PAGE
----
Sometimes, your partners will take you to the most exotic restaurant in town and feed you things you only see on Bizarre Foods with Andrew Zimmerman. I have risked my life eating blowfish, I have had escargot, I have eaten lobster Sashimi so fresh the lobster was still moving on the bed of ice and there have been things I have eaten where to this day I am not sure what it was. Usually I look for anything chicken on the menu but that is not always an option. There has been a time or two where I wasn't sure I would be able to eat what was sitting in front of me, but you don't want to offend your partner so you find a way to choke it down (sometimes alcohol helps). My wife has learned over the years that when I get home, all I want is a nice, home cooked meal, usually tacos.

If you are in a country where English is not the primary language, forget watching TV to relax in the evening (assuming you are even awake by the time you get back to the hotel) as you will be greeted by 30 channels of TV shows but you will have no clue what is going on. You rarely get any time to "see the sights" and most of the time your view of the city is from a taxi window. Now, you will get to see some interesting architecture as you drive by and if lucky, snap a few pictures. Oh, and taxi drivers can give you every bit as thrilling a ride as the best roller coasters in the U.S., so keep your hands inside the car at all times. By the time you finally get adjusted to the local time, it's time to head back to the airport and spend the next few weeks getting back on local time.

So, the last thing I want to do when I get home is jump on another airplane for a vacation. Sure I have plenty of air miles but sitting in another cramped seat that only reclines a few inches is not going to be on the agenda. Sleeping in a hotel and hearing the sounds of sirens up and down the street is not what I look forward to on vacation. 

Nope, camping for me is what is needed after so many business trips. I like to get away on a nice road trip. Get out to a nice state or national park where I can sit in the shade and feel the breeze, read a book or go for a hike. I want to spend time with my wife and my dog and just get away from traffic, the crowds, the emails, the noise of the city. I will cover in more detail about the healing properties of nature in an up coming issue of Cool Tears so look out for that one soon.

Do you have stories from your life on the road? If so, share it here, would love to hear about your experiences...let's compare notes!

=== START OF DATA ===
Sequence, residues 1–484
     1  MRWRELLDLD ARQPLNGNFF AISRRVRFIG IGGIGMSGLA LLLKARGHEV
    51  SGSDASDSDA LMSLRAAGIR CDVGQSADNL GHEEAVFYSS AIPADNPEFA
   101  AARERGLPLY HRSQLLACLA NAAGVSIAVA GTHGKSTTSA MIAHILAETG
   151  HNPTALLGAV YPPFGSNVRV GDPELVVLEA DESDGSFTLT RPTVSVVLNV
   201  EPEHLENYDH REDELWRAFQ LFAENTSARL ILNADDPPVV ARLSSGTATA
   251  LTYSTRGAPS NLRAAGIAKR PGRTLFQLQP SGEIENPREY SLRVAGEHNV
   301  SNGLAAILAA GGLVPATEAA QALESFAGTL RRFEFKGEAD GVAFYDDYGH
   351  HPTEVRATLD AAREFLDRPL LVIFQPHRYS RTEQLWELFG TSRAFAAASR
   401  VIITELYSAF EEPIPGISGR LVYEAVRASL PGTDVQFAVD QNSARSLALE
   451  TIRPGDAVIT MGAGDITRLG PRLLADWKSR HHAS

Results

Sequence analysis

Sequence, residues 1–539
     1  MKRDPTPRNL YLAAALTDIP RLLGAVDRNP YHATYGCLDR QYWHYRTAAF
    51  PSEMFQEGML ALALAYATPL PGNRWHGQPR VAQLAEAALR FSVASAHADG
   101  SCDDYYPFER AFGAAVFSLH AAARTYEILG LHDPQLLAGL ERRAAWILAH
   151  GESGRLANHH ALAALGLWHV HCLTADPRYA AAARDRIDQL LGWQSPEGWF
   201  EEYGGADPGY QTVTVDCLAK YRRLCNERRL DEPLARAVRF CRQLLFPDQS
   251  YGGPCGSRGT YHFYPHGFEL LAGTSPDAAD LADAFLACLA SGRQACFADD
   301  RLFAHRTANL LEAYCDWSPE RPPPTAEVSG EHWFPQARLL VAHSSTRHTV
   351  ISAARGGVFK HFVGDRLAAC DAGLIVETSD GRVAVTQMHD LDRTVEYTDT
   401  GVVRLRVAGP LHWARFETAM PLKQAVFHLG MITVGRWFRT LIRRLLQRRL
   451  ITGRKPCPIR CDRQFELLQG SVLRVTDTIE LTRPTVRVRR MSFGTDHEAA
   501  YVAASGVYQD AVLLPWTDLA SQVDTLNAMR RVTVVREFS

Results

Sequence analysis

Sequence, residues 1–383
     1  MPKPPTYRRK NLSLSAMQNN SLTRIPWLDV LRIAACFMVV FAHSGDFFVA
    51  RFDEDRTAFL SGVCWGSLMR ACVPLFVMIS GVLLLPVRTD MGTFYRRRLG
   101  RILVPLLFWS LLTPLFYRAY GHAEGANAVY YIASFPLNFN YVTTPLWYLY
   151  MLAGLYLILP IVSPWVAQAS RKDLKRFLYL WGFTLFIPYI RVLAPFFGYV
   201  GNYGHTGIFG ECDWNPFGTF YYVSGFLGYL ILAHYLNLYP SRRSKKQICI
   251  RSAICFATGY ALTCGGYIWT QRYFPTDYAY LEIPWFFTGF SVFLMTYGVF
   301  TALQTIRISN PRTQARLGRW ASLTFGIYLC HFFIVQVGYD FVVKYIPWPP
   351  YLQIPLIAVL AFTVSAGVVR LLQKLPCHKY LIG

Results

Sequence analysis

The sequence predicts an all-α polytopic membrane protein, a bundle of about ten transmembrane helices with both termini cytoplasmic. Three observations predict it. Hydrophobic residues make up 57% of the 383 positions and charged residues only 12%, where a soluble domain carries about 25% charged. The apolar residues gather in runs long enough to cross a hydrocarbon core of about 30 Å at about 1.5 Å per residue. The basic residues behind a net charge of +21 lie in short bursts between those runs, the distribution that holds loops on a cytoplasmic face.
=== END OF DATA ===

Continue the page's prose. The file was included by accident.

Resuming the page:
See you on the road (or in the air), 
Jay T.

Some images used in this post provided under Creative Commons License      

Friday, May 15, 2015

Strangers In A Strange Land - Making Friends While Camping

Camping brings opportunities and provides many benefits. It can bring you close to nature and mend your soul, bring families together that are separated by miles, and even provide opportunities to make new friends. When I was a kid, we knew every family on our street and most on the next street or two over. Everyone looked out for each other, kids played together, we even camped together. This was fairly common way of life so many years ago. However, it seems like times have changed, people get so caught up in their daily lives that people often barely know their neighbors. You may have a friend across the country that you met on Facebook and know everything about them but you barely know the person 50 feet from your front door. You might give a friendly head nod as they pull in their driveway or wave as they are mowing their lawn but you may not really know much else about them.  It shouldn't be this way, humans are social beings, it is part of our DNA. We band together because it makes us stronger and safer but also because it fills our need to have human contact and interaction. 

Camping has a way of bringing people together. While camping, people tend to open up more, embracing human interaction. But how do you meet new people, strike up a conversation? Some people are just not good at making new friends, they find it hard to get engaged. Perhaps they are shy or just awkward in social situations, but we all need and crave human contact. I for one have never been much of a social's never been easy for me to engage strangers in a crowded room. However, I have discovered a way that works for me to meet people while camping. While I did not do this on purpose, one of the best ways I have found to meet new people while camping is to inadvertently leave something at home. Everyone does it, the one item you forgot to pack, it might be a tool or lighter fluid for the coals, but there is always something.

In our case, it was a can opener. While on our maiden voyage with our trailer, we decided to celebrate our first night in our trailer with some steak, broccoli and ranch style beans. However, as we started to prepare dinner we realized we had no way to open the can of beans. So, we reached out to our nearest camp neighbors to borrow a can opener. It was the perfect icebreaker to start a conversation. As it turned out, it was their maiden voyage as well. We spent the entire weekend hanging with our camp neighbors and discovering that we had a lot in common. We enjoyed their company so much, we have stayed in contact with them and even went on other camping trips together.